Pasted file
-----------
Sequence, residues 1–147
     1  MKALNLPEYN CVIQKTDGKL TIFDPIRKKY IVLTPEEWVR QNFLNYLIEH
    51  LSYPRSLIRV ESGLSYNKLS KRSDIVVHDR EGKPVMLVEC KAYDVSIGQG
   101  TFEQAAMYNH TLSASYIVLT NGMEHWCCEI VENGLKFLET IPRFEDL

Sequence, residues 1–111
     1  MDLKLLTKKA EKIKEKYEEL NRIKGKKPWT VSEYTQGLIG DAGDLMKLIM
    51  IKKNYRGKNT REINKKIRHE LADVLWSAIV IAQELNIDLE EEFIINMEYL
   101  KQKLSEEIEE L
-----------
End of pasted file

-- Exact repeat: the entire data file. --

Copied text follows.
Sequence, residues 1–147
     1  MKALNLPEYN CVIQKTDGKL TIFDPIRKKY IVLTPEEWVR QNFLNYLIEH
    51  LSYPRSLIRV ESGLSYNKLS KRSDIVVHDR EGKPVMLVEC KAYDVSIGQG
   101  TFEQAAMYNH TLSASYIVLT NGMEHWCCEI VENGLKFLET IPRFEDL

Sequence, residues 1–111
     1  MDLKLLTKKA EKIKEKYEEL NRIKGKKPWT VSEYTQGLIG DAGDLMKLIM
    51  IKKNYRGKNT REINKKIRHE LADVLWSAIV IAQELNIDLE EEFIINMEYL
   101  KQKLSEEIEE L